I've focused so much of my attention on John Peel's radio programmes over late 1991/early 1992, that I have been somewhat slapdash when it comes to other opportunities to appreciate him.  I still haven't listened to any of 6Music's current retrospective series The Evolution of John Peel, partially because I fear that it will just end up being a greatest hits collection through the decades - though I will pull myself together and listen to it soon.  Perhaps even more unforgivably, I've been equally tardy when it's come to watching him on BBC Four's repeats of Top of the Pops.  This damns me heavily because when BBC Four kicked off the run, back in 2011, with the announcement that they were going to start with shows from 1976, my initial reaction was "Bloody hell, it'll be 6 years before they get to Peel hosting it!"  In the event, once episodes that had either been wiped or hosted by Jimmy Savile or Dave Lee Travis were skipped past, they reached Peel's 1982 return within 5 years.  He had co-hosted the show on one fateful occasion in early 1968, and, by his own admission, did a terrible job of it - forgetting who Amen Corner were at one point.  But after a mere 14 years, he was back and I was keen to see the repeat of his first, well second, appearance on the programme, especially considering that the opening sequence of him introducing Theatre of Hate was one of the first Peel related clips I remember seeing on YouTube, some 11 years ago.  Peel acquitted himself well - there were tracks I was pleased to see and others that were completely new to me including a band clearly put together to try and cash in on Shakin' Stevens popularity.  At the end of it, I was pleased to see that Peel was finally on the Top of the Pops list and looked forward to catching his Rhythm Pals act with David Jensen once they got to 1983.  I think I caught one more of Peel's 1982 TotP shows before they were suddenly in 1983 and he was paired with Jensen.
They hosted the show 13 times that year but I only caught two of them, which is silly considering that I would have been watching the show as a curious 7 year old at the time, and the original broadcasts would have been my first awareness of Peel in any form, beyond possibly hearing snippets of his show on the radio I used to play at bedtime when I was even younger (that's a story for another time, I expect).  Now the Pops repeats have got to 1984 and aware that Jensen moved from Radio 1 to Capital Radio - to Peel's great sadness - and subsequently off Top of the Pops as a result, I made great efforts to catch their last few shows together.  The Rhythm Pals were essentially Top of the Pops version of Morecambe and Wise, with Peel free to engage in whimsy and gently absurd piss-taking, while Jensen could guide things back to Earth, with a"What can you do?" air about him in regards to his sidekick.  Their affection for each other, and enjoyment in hosting the show was obvious, despite the fact that their natural radio environment was, to varying degrees, some way removed from the neon and party balloons environment in which they hosted the show.  For all that, it's worth remembering that regardless of how frivolous or dour, depending on the approach producers took with the show, its great strength was that the credible would follow the cheesy without comment - it was an open house to pop and popular music, and the likes of The Clash and The Arctic Monkeys lessened themselves by not appearing on it.  In terms of 1984 pop music, I often think that one reason why the early appearances of The Smiths on the show are so fondly remembered is the fact they would either be following or leading on to Black Lace.  Right up to its dying day, I always regarded the Top of the Pops studio as simultaneously the most exciting/naffest place in the world.  It clearly had something about it, just look what it did to Danny Baker.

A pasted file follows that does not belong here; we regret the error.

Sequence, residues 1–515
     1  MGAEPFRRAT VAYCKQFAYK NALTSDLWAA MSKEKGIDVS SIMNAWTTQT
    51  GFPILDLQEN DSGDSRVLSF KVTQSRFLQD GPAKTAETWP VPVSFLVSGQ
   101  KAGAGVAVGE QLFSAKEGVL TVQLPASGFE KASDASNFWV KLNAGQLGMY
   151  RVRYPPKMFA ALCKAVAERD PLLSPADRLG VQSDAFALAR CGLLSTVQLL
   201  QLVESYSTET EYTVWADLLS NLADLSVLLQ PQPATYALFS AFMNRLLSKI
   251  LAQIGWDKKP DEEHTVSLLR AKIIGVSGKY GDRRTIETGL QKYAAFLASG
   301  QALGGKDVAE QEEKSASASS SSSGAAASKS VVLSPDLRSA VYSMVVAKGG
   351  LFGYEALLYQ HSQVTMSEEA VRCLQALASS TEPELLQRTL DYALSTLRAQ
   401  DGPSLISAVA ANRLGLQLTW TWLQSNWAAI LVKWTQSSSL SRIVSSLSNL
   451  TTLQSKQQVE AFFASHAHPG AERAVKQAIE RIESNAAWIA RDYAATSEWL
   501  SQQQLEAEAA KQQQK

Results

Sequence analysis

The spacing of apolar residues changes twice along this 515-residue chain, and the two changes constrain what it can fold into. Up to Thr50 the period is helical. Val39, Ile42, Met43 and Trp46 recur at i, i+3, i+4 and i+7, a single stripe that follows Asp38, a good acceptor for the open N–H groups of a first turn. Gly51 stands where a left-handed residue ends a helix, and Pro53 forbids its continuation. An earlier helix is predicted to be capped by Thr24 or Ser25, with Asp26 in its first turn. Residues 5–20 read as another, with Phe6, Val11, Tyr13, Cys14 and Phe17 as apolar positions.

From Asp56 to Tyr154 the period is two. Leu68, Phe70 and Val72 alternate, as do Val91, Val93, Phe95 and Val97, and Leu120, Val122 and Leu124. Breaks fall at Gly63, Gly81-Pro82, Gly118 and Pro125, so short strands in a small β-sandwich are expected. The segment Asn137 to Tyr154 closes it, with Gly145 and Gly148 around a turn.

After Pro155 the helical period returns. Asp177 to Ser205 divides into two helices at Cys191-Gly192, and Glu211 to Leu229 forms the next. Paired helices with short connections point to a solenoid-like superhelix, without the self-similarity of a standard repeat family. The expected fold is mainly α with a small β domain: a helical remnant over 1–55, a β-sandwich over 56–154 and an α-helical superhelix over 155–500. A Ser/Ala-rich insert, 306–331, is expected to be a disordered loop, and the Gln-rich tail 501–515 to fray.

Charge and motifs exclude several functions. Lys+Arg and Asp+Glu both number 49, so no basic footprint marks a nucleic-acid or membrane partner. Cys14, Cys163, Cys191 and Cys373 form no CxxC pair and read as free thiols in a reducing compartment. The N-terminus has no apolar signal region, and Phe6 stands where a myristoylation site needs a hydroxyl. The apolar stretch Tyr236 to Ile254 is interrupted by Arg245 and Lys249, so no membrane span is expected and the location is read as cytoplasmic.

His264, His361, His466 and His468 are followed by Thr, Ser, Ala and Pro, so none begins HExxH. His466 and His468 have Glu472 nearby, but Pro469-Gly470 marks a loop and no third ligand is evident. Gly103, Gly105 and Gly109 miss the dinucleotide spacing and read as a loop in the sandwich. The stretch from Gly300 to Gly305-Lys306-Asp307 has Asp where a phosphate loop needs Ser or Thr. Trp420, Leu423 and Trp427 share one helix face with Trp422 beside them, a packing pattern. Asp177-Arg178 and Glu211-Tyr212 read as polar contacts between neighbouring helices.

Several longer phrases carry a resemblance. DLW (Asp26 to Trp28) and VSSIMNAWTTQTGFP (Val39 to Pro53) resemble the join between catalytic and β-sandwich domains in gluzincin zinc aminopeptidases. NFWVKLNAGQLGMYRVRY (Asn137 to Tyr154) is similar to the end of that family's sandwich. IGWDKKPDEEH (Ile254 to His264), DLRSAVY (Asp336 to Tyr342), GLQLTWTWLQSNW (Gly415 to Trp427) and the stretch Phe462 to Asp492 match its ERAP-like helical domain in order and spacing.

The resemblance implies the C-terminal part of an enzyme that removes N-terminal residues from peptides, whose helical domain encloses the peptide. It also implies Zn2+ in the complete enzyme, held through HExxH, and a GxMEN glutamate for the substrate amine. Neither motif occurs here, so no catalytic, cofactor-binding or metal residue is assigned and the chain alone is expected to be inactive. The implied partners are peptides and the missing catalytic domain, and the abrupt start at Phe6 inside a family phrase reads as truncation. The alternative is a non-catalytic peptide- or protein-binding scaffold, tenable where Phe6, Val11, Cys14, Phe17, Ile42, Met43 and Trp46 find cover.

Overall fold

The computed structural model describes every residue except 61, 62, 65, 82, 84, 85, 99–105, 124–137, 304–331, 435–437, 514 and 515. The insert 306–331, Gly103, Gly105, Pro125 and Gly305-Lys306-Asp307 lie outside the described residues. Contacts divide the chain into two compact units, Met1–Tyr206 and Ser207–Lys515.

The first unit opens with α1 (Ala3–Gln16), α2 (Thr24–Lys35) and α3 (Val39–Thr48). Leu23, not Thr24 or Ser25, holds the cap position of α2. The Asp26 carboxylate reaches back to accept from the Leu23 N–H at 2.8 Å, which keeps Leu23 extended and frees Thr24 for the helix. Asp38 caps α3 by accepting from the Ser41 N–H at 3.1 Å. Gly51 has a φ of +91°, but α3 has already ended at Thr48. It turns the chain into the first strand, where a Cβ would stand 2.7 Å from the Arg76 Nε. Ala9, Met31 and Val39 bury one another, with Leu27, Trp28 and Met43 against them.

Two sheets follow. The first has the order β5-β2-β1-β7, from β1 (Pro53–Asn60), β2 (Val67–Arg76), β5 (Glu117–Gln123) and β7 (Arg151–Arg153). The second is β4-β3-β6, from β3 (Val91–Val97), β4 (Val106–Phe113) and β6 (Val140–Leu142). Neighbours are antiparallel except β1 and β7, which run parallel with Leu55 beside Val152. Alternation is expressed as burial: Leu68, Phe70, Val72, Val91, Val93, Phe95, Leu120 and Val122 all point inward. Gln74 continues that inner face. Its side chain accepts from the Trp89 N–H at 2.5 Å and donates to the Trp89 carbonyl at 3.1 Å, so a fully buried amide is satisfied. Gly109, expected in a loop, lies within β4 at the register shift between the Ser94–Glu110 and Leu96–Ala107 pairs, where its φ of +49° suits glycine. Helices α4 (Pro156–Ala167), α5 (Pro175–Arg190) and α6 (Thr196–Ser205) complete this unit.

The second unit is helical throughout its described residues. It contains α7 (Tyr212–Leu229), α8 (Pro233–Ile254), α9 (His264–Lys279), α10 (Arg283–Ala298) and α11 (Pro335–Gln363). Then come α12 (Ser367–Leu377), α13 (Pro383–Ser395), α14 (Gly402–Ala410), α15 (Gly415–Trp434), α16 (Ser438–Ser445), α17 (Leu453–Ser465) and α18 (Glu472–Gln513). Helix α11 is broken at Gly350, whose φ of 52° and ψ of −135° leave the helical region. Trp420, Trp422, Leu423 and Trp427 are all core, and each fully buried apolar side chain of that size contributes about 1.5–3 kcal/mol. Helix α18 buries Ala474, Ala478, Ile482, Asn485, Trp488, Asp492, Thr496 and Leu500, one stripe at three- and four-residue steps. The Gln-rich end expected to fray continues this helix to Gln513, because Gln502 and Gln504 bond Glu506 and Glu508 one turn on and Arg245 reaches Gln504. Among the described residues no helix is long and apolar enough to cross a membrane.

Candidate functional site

One feature of the TotPs I've seen with Peel in them is a performance of a record described either by himself or Jensen as "coming up through the clubs".  Four years on this would invariably mean an acid house or techno record, but in 1984, it was usually something that attempted to meld together Hi-NRG beat with soul vocal. Exhibits from the time, cued in by Peel include I'll Be Around by Terri Wells and the stone cold classic High Energy by Evelyn Thomas.  Such records seemed pertinent when we bring ourselves back to Peel broadcasting in the middle of the night from a Radio 1 studio, eight years after he was taking the piss on prime time BBC 1. A record like Closer to You seems closer in tone to those Top of the Pops club classics, even though its much more laidback and fuses dancehall with lovers rock.  Such an expression of unadulterated sweetness and love always seemed vaguely shocking on a Peel playlist, as though he decided to aurally airfreshen his airwaves for a moment after all the expected rock, racket and rave.  But as BBC Four have shown us, there were plenty of occasions when Peel found himself engulfed in "sweet" music.  He was just better at picking out the nuggets amidst the chintz than many others.  And Marcia Griffiths' voice was pure gold.

The video is of someone playing a record, which I appreciate is a bit unsatisying, though good for the   ear heart.  The record plays twice, but is around 3:40 in duration. There are other versions which include toasting by Buju Banton.  If you find it visually dull, then enjoy the best clip I've seen from Peel's '84 shows so far, featuring Zoo, the final dancing troupe used by Top of the Pops in order to boost a rather dull Pointer Sisters video for their terrific track, Automatic.  Sadly, no videos from the programme include Peel's hilarious attempts at robotic dancing at the end.

Videos courtesy of 777SKA (Griffiths) and memorylane1980s (Pointer Sisters).